So we decided that we needed to conduct a Pueblo economic revitalization program. So we basically set out to transform strategy, policy and the economy. This was not an easy process. I was working somewhere else at the time and the tribe called me and said, 'We want you to come back and we want you to do economic development.' And I'd never done that, so I was like, "˜Okay. So what do you want me to do?' And they basically told me that they wanted me to start a business that would bring in the same revenue as the casino. That was my job. I was like, "˜That's not going to happen, right?' So I started looking at different models and of course I ran into NNI and Harvard Project and I started looking at the different models. And so I started talking about the nation-building process and I don't think anybody really understood it or really thought that I had any kind of experience or credibility in that area. So what I started with was really the mindset, a very, very negative mindset, and I was hearing things at different meetings like 'Tiguas don't want to learn,' 'no use,' 'clients non-compliant with program policies,' 'nobody wants to participate,' 'tribal members don't want to give out their personal information,' and it just went on and on. I actually had a conversation with a former director that actually said to me that they hadn't been able to hire tribal members because they have criminal records and are drug users. And of course this was a non-tribal director so I just responded, "˜Well, I guess you should hide your purse then because it could get stolen in this room and it might be me.' So needless to say she's not there anymore. And just everybody was saying this. It was coming from directors --whether they were tribal, non-tribal -- employees, leaders, generally community members. So we learned early on that community education and engagement was critical.

In 2006, we set off to Tigua-fy nation building, and that's the year that the economic development department was established. We formed different advisory committees and task forces and started looking at best practices. So in 2007, council passed a landmark resolution which had a few bullet points and talking points about how we were going to get this started. And what they did at that point is they committed. They committed dollars; they committed time and resources to actually taking this on. So we had also by then looked at different successful models and pretty much...what happened basically is that the tribe basically had hit rock bottom. We had no clue what we were going to do next and our funds were depleting. We actually went through a financial snapshot and where we assessed where our finances were, where they had been during the time of the casino, and at the rate that we were spending at, where we would be in a few years. And what we found is that in seven years basically we'd be bankrupt unless we started to change things. And this really is what set everything into motion.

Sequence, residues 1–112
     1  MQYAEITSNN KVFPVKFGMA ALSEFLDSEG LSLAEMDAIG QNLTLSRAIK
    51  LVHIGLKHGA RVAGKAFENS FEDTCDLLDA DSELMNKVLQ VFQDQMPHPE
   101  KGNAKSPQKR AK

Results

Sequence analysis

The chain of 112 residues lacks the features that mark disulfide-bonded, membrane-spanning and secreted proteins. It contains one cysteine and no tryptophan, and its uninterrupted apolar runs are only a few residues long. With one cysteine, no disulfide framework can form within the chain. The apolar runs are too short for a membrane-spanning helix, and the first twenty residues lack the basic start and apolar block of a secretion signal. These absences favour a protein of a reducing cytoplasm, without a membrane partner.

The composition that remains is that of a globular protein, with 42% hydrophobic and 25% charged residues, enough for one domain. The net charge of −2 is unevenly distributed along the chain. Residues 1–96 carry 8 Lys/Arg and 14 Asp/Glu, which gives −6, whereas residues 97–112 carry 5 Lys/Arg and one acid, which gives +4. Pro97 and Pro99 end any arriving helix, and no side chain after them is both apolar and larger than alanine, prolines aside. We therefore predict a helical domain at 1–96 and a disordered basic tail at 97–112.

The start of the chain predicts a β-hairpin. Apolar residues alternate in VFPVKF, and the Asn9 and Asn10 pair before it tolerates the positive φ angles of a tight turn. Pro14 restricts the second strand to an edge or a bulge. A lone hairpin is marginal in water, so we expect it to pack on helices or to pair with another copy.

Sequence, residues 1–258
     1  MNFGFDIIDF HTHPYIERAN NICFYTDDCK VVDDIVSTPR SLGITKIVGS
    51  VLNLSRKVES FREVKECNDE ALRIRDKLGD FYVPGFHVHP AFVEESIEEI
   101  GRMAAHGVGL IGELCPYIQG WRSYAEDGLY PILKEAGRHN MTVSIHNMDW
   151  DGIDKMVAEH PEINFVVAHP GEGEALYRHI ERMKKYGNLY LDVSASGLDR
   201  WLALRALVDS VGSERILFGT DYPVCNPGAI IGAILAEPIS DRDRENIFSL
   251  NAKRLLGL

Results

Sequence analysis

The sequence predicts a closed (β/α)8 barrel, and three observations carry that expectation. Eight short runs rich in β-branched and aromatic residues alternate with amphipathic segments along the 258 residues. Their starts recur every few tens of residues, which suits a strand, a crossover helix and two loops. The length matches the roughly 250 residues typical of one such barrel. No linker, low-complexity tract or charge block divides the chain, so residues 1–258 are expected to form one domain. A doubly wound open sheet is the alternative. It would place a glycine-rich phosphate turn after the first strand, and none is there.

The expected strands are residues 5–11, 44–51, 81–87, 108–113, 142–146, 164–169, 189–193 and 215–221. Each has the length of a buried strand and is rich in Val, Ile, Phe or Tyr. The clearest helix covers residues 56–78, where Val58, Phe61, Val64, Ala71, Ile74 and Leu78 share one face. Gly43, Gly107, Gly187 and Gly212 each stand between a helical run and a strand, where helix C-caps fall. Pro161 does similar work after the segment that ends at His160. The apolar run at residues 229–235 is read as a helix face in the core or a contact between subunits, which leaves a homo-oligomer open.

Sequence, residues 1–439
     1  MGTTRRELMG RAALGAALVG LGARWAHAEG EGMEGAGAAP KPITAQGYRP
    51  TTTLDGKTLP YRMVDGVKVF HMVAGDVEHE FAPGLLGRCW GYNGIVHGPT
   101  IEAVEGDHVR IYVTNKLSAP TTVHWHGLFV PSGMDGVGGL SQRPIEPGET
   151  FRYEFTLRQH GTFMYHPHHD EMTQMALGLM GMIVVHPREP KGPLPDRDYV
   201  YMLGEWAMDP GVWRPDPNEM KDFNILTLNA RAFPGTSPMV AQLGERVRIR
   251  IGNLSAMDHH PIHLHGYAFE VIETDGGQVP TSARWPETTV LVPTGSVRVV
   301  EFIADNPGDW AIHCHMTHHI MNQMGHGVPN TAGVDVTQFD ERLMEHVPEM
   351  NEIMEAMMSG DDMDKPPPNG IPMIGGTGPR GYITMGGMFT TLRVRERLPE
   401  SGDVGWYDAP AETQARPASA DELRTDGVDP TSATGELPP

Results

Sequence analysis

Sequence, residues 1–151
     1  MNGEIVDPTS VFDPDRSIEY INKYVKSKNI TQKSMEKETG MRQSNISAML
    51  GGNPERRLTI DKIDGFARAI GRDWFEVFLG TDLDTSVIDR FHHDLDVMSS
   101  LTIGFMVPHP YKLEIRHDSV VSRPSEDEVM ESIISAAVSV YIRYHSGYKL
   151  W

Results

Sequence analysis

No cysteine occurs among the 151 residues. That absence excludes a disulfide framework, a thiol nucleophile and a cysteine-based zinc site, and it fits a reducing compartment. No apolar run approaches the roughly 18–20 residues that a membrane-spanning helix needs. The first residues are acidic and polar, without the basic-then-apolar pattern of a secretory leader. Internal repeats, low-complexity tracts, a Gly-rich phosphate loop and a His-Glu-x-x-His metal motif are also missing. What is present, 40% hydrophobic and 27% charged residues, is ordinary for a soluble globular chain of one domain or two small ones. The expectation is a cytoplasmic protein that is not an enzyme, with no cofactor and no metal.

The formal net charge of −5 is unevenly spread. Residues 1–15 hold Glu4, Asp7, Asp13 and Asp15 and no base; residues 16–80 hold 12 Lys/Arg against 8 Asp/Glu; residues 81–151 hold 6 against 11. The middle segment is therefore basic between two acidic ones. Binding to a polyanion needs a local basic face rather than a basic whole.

Together with tribal council and the community, we started looking at what we were going to do to increase our sovereignty as well as changing our attitude and committing. So of course success breeds success and we started learning from different tribes just as you're doing here. We looked at different tribes such as the Winnebago Tribe of Nebraska, the Chickasaw Nation, and the Tulalip Tribes. And then for the first time, the community -- together with different directors and tribal council -- set out to create a vision and a mission. And it went through all kinds of different processes. We worked with different groups and this is what we ended up working with. Pretty much our vision is to become a self-sufficient Pueblo and power to thrive in a modern world while preserving our cultural foundation. And surviving [in] a modern world was very important to us because the City of El Paso has pretty much grown around our reservation and we're sitting in the middle of an urban location. So we have to learn to adapt in order to deal with that. And then our mission of course is to promote self-sufficiency, improve the quality of life and promote the cultural identity of the Pueblo.